BLACKSBURG, Va. (AP) — A Virginia teenager whose body was found over the weekend overcame serious health problems as a young girl and was then bullied at her school and online before her death, her mother said.
Virginia Tech student David Eisenhauer, 18, has been charged with first-degree murder and abduction in the death of 13-year-old Nicole Madison Lovell, whose body was found Saturday in North Carolina, police said. Another Virginia Tech student, Natalie Keepers, 19, faces charges of improper disposal of a body and accessory after the fact in the commission of a felony.
Eisenhauer appeared briefly in court Monday morning, out of sight of reporters, ahead of the scheduled 10 a.m. state time. Eisenhauer had retained a court-appointed attorney, the clerk’s office said. Keepers also was in court, entering in an orange jumpsuit with handcuffs and shackles. She told Judge Robert Viar Jr. that she understood the charges and that she had also retained counsel. Her next court date is March 28.
Police have said they have evidence showing Eisenhauer and Lovell knew each other before she disappeared. But officials have not commented further on any possible motive.
Nicole’s life hadn’t been easy, her mother, Tammy Weeks, told The Washington Post (http://wapo.st/201JsDS). She survived a liver transplant, MRSA and lymphoma when she was 5, Weeks said.
“God got her through all that, and she fought through all that, and he took her life,” Weeks said.
Nicole didn’t like going to school because girls called her fat and talked about the scars from her transplant, Weeks said. Lovell often cried to stay home from school, her mother said.
“It got so bad I wouldn’t send her,” Weeks said, but the bullying continued on social media.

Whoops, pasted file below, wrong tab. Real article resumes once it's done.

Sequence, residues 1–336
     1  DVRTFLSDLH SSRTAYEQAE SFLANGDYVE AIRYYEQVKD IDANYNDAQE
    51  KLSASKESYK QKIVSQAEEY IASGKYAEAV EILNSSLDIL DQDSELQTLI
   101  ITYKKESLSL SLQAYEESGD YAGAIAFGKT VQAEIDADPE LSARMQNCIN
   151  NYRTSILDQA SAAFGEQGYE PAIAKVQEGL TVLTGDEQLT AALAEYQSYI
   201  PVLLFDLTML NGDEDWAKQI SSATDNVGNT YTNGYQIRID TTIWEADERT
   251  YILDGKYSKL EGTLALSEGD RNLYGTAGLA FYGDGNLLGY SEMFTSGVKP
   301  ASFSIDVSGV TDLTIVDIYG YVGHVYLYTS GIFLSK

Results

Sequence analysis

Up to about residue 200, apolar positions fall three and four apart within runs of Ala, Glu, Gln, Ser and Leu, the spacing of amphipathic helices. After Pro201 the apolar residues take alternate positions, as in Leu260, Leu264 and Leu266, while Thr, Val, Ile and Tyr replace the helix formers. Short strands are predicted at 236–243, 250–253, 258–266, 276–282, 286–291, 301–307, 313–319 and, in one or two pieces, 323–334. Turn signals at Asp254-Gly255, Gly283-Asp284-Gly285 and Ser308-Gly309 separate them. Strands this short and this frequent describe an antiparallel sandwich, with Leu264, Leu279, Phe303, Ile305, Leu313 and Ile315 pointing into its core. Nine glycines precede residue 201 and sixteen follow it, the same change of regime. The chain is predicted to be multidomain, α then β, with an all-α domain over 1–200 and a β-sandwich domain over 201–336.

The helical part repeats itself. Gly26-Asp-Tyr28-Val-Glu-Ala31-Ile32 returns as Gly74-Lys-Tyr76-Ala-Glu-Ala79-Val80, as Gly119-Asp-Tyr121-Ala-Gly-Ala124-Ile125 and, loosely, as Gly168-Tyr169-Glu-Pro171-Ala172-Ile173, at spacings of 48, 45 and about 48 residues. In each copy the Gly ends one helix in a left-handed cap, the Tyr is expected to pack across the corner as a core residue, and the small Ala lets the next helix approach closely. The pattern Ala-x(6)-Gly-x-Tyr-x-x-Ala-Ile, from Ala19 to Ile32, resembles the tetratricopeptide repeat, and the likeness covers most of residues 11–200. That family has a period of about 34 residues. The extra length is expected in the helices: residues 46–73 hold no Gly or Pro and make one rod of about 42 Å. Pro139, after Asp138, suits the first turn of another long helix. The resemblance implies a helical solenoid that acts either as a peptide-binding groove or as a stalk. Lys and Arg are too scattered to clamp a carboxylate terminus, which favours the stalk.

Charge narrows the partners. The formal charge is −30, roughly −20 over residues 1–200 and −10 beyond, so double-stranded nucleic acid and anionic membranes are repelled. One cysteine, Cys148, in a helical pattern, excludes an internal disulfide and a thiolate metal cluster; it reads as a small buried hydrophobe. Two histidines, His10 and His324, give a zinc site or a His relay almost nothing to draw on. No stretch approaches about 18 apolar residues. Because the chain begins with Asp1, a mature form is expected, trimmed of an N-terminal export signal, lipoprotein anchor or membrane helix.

Lovell loved pandas and wanted to be on “American Idol” when she got older, Weeks said.
Davy Draper, who said he’s a close family friend of the Lovells and knew the teen most of her life, called her an energetic and outspoken girl who got along with everyone.
“She was an awesome little girl. She was an angel here on Earth, and she’s an angel now,” Draper said Sunday.
Eisenhauer and Keepers were being held without bond at the Montgomery County Jail. Police have said Eisenhauer and Lovell knew each other but weren’t giving further details Monday.
“Eisenhauer used this relationship to his advantage to abduct the 13-year-old and then kill her. Keepers helped Eisenhauer dispose of Nicole’s body,” Blacksburg police said in a statement.
A state police search and recovery team searched a pond Sunday on the Virginia Tech Campus. State police spokeswoman Corinne Geller would not say what officials were trying to find.
Authorities said they located Lovell’s remains in Surry County, North Carolina, just over the Virginia border.
Blacksburg police Chief Anthony Wilson told The Roanoke Times that Eisenhauer has not confessed to involvement in Lovell’s death and did not give police information that led to the discovery of her body.
The girl had been missing since last week. Her family says she disappeared after pushing a dresser in front of her bedroom door and climbing out a window. Lovell’s family members did not immediately return messages seeking comment Sunday.
Eisenhauer was as a standout track and field athlete in high school, who was named Boys Indoor Track Performer of the Year by The Baltimore Sun in March. The Sun said Eisenhauer had moved to Columbia from Yakima, Washington, for his junior year and quickly became a star on the East Coast. His coach told the newspaper that Eisenhauer was “the best-kept secret in Maryland.”
Virginia Tech said on its website that Eisenhauer was a freshman engineering major at the school and that hundreds of students and researchers had assisted in the search for Lovell. The school said in a statement Saturday that he has been suspended from the university.
A number listed for Eisenhauer’s parents was busy Sunday. A message left at Keepers’ home in Laurel, Maryland, was not immediately returned. Officials at the county jail where the two are being held would notsay whether either suspect has a lawyer.
Associated Press writer Larry O’Dell and Alanna Durkin Richer contributed from Richmond, Virginia.
This story has been corrected to show that the comments from Nicole Lovell’s mother came from The Washington Post, not The Roanoke Times.
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